You may have witnessed the sizable moves in electric-vehicle names like Tesla (NASDAQ:TSLA) and NIO (NYSE:NIO) and wondered which up-and-comer would break through next. Ayro (NASDAQ:AYRO) could be the one, though admittedly it’s an unusual choice and there is some risk in owning AYRO stock.
In case you’re not completely familiar with what Ayro does, InvestorPlace contributor Luke Lango describes the company as a producer of “purpose-built, low-speed electric vehicles, or LSEVs,” and more specifically “three-wheel electric cars, electric golf carts, e-scooters, campus security EVs, so on and so forth.”
So, you’re not going to see any slick muscle cars like what Tesla has to offer. Plus, Ayro’s vehicles aren’t “normal”-looking street vehicles like the ones that Nio produces.
If there’s any company that’s comparable to Ayro, it would probably be Electrameccanica Vehicles (NASDAQ:SOLO). That’s a company which also offers odd-looking three-wheeled cars. I provided a much more detailed description of that company’s cars here, in case you’d like to learn more about Electrameccanica Vehicles.
The point is that there’s nothing “normal” about Ayro. And, AYRO stock is really meant for forward-looking, open-minded investors. If that describes you, then a strong case can be built in favor of taking a moderate position in this stock.
A Closer Look at AYRO Stock
Since the beginning of June, AYRO stock has gyrated between $2 and $7. This is not unusual for low-prices stocks, which have the potential to make sharp moves frequently.
That’s why I don’t recommend mortgaging your house to buy shares of AYRO stock. It’s just too volatile and speculative to bet a lot of money on. Rather, it’s best to take a small position in the stock and hold it for the long term.
By the end of July, AYRO shares were trading at $4.30. In relation to the price action during the past couple of months, that’s somewhere in the middle of the range. Value seekers might choose to wait until AYRO gets closer to $3 or even $2.50, if it gets there.
Or, you can simply start accumulating the shares now in anticipation of much higher prices. That, however, would require widespread adoption of Ayro’s vehicles. Could that actually happen?
Going Niche Is the Key
I believe that Ayro’s ultra-specific angle in the electric-vehicle market could lead to widespread acceptance of the company’s vehicles. Ayro isn’t trying to compete with Tesla’s muscle cars, or Nio’s normal-looking cars, or even Solo’s street-ready three-wheelers.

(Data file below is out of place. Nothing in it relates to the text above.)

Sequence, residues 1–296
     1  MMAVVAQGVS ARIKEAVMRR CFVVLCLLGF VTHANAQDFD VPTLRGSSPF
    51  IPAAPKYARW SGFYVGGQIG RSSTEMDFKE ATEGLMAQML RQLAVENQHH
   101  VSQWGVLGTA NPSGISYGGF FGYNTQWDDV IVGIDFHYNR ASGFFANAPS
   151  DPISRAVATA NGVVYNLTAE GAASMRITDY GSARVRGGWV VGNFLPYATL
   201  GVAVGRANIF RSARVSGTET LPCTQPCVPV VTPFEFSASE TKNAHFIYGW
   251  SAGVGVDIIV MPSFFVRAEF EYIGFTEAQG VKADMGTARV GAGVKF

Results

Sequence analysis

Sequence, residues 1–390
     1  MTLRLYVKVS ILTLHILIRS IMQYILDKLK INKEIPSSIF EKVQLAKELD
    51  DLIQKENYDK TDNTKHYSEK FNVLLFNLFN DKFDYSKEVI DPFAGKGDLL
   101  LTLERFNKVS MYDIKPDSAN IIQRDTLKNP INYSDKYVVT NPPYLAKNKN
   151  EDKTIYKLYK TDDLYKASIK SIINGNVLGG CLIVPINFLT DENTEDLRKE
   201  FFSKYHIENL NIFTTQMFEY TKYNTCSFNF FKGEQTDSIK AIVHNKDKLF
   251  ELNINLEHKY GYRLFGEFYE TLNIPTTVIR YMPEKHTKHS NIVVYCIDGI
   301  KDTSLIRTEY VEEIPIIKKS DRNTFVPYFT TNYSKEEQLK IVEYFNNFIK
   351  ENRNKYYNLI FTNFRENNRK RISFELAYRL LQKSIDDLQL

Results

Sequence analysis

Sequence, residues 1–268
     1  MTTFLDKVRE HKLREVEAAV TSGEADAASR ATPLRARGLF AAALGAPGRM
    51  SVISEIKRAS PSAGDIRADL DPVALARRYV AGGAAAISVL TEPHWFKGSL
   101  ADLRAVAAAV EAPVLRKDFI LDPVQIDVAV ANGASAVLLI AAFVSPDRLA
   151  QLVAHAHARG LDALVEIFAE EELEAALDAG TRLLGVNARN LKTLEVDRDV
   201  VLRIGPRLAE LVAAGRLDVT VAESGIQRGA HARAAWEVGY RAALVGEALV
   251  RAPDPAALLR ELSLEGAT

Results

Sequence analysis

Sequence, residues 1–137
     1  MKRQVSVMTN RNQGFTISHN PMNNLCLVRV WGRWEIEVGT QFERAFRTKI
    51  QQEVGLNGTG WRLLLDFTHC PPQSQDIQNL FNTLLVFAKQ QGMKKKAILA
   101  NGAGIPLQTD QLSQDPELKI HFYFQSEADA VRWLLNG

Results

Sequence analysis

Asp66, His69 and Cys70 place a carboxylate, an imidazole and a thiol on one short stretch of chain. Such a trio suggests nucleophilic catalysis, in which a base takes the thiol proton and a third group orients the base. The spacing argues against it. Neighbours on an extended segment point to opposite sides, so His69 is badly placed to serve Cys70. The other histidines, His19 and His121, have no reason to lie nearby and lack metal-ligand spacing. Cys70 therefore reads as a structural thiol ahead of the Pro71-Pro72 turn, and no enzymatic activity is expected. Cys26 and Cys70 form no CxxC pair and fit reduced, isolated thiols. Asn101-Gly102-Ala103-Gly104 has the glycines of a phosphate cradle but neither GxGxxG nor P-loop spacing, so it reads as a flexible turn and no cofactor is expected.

Instead, Ayro’s taking a decidedly niche approach to its electric-vehicle offerings. After all, why try to compete against a juggernaut like Tesla? Ayro is smart to focus like a laser on a select group of clients that don’t necessarily need what Tesla has to offer.
As InvestorPlace Josh Enomoto elaborates, Ayro specializes in service vehicles for a targeted clientele: “Thus, the company’s key clients come from academic institutions, government entities, hotels and resorts, and the food, beverage and retail industries.”
A Big Order Comes In
How is Ayro’s niche approach working out so far? Not too badly at all, as the company just received a sizable order for “on-the-go” hospitality vehicles.
In partnership with Gallery Carts, which provides carts, kiosks and portables, Ayro is in the process of fulfilling “$584,000 in orders for [Ayro’s] inaugural purpose-built EV hospitality truck solution.”
Ayro and Gallery Carts are making good progress in the fulfillment of these orders. So far, roughly one-fifth of the ordered vehicles have been shipped. The rest of the orders are expected to be fulfilled by Ayro and Gallery Carts during the third and fourth quarters of this year.
As we’ve seen with NIO stock, an increase in vehicle deliveries can really pump up a company’s share price. With more orders like the one that Ayro and Gallery Carts are fulfilling now, AYRO stock could potentially increase by several multiples.
The Bottom Line
Again, please only take a small-sized position in AYRO stock as it is a speculative investments. Still, it could provide outstanding returns if the company’s ultra-niche approach to selling electric vehicles leads to widespread adoption.
As of this writing, David Moadel did not hold a position in any of the aforementioned securities.